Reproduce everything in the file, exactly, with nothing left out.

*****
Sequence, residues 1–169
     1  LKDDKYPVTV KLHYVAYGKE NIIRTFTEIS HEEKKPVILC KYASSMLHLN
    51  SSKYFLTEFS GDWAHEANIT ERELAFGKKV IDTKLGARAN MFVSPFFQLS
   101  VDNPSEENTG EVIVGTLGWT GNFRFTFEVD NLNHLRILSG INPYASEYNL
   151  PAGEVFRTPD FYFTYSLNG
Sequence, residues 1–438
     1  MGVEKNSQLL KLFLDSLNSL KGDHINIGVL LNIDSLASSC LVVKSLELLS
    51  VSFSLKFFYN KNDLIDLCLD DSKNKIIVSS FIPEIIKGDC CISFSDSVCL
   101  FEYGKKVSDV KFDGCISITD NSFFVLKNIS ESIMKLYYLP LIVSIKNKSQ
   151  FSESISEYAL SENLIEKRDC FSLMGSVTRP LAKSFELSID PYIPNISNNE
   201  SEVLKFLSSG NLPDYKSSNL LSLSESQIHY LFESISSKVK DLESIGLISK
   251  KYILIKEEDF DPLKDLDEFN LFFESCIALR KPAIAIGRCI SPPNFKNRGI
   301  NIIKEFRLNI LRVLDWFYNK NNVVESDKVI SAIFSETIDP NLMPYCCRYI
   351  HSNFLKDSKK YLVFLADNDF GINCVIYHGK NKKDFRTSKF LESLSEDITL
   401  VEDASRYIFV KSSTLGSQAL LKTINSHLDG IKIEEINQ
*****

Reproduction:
Sequence, residues 1–169
     1  LKDDKYPVTV KLHYVAYGKE NIIRTFTEIS HEEKKPVILC KYASSMLHLN
    51  SSKYFLTEFS GDWAHEANIT ERELAFGKKV IDTKLGARAN MFVSPFFQLS
   101  VDNPSEENTG EVIVGTLGWT GNFRFTFEVD NLNHLRILSG INPYASEYNL
   151  PAGEVFRTPD FYFTYSLNG
Sequence, residues 1–438
     1  MGVEKNSQLL KLFLDSLNSL KGDHINIGVL LNIDSLASSC LVVKSLELLS
    51  VSFSLKFFYN KNDLIDLCLD DSKNKIIVSS FIPEIIKGDC CISFSDSVCL
   101  FEYGKKVSDV KFDGCISITD NSFFVLKNIS ESIMKLYYLP LIVSIKNKSQ
   151  FSESISEYAL SENLIEKRDC FSLMGSVTRP LAKSFELSID PYIPNISNNE
   201  SEVLKFLSSG NLPDYKSSNL LSLSESQIHY LFESISSKVK DLESIGLISK
   251  KYILIKEEDF DPLKDLDEFN LFFESCIALR KPAIAIGRCI SPPNFKNRGI
   301  NIIKEFRLNI LRVLDWFYNK NNVVESDKVI SAIFSETIDP NLMPYCCRYI
   351  HSNFLKDSKK YLVFLADNDF GINCVIYHGK NKKDFRTSKF LESLSEDITL
   401  VEDASRYIFV KSSTLGSQAL LKTINSHLDG IKIEEINQ